Christopher Kajawa, Nachisaka cooperative

Agroforestry systems are more advantageous than traditional agricultural and forestry methods and have the potential of mitigating and responding to challenges posed by climate change. Agroforestry contributes to climate change mitigation in three ways:

  1. Sequestrating carbon in biomass and soils.
  2. Reducing greenhouse gas emissions.
  3. Avoiding emissions through reduced fossil fuel and energy usage on farms.

Agroforestry systems also provide avenues for achieving other Sustainable Development Goals (SDGs) such as SDG 1 (No Hunger), SDG 2 (Zero Poverty), SDG 3 (Clean Water and Sanitation), SDG 7 (Affordable and Clean Energy) and SDG 8 (Decent Work and Economic Growth).

Climate-smart macadamia agroforestry is one of the viable options for mitigating climate change among smallholder farmers in Malawi.

Farmers utilize the nuts to supplement their cereal-based diets (a delicious snack among children!). The nuts can be sold in the local and export markets, thereby providing a reliable source of income when farmers cannot rely on other cash crops.

Macadamia trees are also resilient to drought and flooding and thus provide food and income when other crops fail due to climatic shocks.  For example despite the destruction caused by cyclone Ana, HIMACUL members have reported to still have hope to come back from the climate crisis.

"Even though my maize field has been washed away by the flooding, I still have my macadamia trees to rely on during these hard times. I have already had the first harvest from my macadamia trees, kept some for consumption, and sold the surplus for income while waiting for the second and third harvests. This means I still have an extra crop which is a source of food and income generation for my family."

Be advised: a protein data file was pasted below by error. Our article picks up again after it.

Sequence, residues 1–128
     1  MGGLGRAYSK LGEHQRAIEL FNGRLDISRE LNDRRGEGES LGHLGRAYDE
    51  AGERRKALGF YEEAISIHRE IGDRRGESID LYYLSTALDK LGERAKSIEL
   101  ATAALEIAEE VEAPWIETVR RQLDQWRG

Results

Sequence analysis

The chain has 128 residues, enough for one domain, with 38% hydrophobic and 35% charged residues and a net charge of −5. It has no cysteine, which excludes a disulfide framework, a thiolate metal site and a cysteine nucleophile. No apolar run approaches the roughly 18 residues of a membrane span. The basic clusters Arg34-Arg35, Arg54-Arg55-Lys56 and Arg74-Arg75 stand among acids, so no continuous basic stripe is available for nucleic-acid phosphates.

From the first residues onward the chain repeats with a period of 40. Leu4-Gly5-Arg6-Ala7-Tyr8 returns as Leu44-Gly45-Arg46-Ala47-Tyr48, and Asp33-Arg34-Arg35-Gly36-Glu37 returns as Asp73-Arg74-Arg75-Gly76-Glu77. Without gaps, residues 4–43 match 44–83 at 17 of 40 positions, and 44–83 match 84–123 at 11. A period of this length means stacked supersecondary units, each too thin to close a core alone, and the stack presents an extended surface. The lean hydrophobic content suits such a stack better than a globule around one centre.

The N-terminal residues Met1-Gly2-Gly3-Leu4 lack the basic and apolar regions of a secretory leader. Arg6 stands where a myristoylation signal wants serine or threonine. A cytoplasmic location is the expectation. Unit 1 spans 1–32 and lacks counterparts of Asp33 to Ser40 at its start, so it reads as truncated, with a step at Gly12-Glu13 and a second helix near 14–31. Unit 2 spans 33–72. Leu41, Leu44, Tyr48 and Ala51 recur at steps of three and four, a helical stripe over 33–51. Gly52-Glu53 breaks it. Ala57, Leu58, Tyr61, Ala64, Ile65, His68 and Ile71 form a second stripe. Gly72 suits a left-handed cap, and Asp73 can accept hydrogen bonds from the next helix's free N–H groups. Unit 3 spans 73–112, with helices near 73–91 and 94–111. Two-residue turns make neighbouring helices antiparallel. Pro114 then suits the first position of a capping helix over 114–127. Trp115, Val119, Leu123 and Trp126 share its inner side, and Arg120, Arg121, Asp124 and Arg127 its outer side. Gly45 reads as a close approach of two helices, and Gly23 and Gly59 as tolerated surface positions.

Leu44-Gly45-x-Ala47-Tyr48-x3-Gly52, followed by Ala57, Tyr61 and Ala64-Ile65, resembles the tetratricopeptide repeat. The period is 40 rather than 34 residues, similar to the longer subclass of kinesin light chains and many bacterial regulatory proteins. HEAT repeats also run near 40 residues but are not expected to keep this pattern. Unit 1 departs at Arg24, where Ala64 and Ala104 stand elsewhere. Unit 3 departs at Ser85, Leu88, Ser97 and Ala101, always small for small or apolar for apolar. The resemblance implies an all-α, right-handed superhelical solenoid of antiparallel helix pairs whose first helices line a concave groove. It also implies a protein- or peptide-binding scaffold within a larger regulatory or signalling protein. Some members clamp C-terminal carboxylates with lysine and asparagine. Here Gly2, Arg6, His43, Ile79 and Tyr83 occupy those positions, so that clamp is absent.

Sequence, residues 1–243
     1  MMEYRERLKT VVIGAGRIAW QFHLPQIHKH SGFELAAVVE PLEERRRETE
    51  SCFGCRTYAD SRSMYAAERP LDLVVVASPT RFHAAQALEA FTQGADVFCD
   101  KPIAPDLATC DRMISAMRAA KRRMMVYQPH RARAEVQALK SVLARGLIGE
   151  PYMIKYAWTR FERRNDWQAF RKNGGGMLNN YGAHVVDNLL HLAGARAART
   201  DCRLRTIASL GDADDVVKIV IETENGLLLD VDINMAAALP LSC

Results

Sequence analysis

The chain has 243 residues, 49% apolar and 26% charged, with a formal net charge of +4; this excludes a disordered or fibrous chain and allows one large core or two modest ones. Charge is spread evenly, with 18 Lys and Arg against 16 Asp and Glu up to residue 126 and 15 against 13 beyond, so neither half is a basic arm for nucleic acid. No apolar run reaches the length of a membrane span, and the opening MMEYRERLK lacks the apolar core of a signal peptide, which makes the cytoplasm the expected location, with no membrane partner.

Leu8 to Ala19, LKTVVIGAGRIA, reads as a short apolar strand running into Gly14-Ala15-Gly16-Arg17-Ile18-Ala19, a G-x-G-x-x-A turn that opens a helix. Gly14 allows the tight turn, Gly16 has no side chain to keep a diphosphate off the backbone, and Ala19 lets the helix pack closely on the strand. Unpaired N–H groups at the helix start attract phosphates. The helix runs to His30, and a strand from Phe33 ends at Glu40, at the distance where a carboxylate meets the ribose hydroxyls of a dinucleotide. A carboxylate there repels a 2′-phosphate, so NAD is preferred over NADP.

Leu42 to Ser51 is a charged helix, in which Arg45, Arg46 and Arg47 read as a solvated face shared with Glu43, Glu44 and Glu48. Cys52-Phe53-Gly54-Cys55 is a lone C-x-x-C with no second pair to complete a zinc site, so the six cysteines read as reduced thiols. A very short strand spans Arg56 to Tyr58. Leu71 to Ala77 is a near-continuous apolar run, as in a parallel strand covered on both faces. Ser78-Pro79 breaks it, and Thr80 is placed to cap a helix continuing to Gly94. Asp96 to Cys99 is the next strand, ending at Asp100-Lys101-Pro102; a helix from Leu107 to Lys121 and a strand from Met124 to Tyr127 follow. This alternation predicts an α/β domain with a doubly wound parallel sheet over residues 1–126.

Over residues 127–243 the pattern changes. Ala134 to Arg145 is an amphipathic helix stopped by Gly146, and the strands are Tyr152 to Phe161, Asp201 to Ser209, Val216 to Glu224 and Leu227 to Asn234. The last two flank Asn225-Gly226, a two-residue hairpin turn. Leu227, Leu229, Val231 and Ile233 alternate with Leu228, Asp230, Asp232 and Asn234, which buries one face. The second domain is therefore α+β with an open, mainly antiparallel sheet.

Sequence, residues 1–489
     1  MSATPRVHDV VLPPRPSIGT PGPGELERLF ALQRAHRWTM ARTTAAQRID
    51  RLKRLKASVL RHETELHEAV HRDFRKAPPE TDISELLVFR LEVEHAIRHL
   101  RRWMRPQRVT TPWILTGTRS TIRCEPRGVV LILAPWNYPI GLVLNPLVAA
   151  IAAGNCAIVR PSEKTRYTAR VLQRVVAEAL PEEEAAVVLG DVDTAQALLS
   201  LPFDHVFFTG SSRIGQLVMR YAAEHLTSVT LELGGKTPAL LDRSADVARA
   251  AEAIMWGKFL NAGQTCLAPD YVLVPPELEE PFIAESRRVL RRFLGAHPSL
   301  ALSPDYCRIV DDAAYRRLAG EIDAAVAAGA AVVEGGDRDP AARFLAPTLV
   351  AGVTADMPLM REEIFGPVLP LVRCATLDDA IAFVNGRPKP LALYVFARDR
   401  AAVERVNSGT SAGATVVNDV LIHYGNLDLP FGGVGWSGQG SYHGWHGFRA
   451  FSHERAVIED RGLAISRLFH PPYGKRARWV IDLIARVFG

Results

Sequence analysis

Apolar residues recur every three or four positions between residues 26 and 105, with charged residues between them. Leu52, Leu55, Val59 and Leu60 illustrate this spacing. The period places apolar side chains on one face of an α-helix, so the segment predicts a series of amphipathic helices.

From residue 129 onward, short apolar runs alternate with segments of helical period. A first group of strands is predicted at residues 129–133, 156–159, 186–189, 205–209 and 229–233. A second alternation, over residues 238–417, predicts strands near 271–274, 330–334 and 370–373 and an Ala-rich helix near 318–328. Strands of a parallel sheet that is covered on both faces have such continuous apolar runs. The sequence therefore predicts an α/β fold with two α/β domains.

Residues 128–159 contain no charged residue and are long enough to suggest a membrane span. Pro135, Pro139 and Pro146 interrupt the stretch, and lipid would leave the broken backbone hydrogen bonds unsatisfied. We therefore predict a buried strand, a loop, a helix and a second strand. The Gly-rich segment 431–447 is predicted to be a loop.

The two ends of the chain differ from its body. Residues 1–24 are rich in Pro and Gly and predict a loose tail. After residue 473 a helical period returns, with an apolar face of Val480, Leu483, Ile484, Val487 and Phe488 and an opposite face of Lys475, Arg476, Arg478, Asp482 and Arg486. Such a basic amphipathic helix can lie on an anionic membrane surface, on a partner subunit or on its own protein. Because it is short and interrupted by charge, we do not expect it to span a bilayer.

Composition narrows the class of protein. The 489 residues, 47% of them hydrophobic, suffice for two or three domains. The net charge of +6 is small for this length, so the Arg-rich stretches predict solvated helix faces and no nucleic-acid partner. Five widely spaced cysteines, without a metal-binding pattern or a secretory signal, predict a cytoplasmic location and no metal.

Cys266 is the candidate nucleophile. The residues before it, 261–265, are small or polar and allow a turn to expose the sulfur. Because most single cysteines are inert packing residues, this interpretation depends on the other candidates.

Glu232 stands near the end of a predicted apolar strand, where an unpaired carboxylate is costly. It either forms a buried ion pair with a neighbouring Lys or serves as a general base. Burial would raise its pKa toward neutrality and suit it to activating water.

Calvin Masinga, a member of the Neno smallholder macadamia cooperative. 

This shows how smallholder macadamia farmers are somewhat more resilient to climatic shocks than non-members who rely only on annual crops such as maize, tobacco, soybeans, and groundnuts.

Macadamia nut shells also have different uses which include:

  1. Source of fuelwood for cooking, thereby helping to reduce deforestation and giving women more time to do other productive chores.
  2. The husks are a source of livestock feed.
  3. Source of compost, which helps in improving soil health.
  4. Water filtration.

Climate-smart macadamia agroforestry systems also promote more diverse farmlands, reducing the need for synthetic fertilizers and chemicals for pest and disease control. This is attributed to increased numbers of beneficial insects pollinators, parasitoids, and predatory insects.

Mature macadamia trees also sequester carbon in their lifetime (an average of 20 kg of CO2 year-1). Carbon sequestration is very important because it helps keep carbon in the soils and thereby reducing global warming.

The Neno Macadamia Trust (NMT)